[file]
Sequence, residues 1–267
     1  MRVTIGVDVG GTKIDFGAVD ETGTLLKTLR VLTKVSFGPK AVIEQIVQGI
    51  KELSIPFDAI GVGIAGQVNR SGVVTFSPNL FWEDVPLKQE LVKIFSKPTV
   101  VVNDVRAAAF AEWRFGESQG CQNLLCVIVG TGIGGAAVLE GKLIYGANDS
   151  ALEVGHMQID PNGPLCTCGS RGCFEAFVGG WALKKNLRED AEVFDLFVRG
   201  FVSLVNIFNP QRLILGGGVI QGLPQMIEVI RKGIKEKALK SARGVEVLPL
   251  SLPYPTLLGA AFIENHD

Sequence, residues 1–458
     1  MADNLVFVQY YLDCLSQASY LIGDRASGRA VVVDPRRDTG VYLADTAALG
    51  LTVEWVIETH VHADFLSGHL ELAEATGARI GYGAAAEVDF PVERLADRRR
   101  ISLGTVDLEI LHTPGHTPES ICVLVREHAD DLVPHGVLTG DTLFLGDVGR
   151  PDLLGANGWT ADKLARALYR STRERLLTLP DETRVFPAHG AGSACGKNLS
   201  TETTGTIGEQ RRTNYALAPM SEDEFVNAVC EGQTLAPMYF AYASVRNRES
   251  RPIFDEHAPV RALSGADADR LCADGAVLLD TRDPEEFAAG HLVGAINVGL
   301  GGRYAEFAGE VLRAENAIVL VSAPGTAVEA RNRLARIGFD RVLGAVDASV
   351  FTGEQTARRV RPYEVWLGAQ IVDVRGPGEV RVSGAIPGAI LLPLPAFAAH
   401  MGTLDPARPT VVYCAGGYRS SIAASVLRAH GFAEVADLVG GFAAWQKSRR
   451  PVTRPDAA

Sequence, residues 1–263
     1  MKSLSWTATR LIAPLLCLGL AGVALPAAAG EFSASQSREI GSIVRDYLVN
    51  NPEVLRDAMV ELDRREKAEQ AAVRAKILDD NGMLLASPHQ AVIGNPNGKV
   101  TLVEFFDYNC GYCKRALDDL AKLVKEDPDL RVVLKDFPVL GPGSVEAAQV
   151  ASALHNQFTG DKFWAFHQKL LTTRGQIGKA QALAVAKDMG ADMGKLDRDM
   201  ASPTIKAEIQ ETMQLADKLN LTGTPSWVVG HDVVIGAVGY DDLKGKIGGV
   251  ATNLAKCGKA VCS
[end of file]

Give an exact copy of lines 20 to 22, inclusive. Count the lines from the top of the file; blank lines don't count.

     1  MKSLSWTATR LIAPLLCLGL AGVALPAAAG EFSASQSREI GSIVRDYLVN
    51  NPEVLRDAMV ELDRREKAEQ AAVRAKILDD NGMLLASPHQ AVIGNPNGKV
   101  TLVEFFDYNC GYCKRALDDL AKLVKEDPDL RVVLKDFPVL GPGSVEAAQV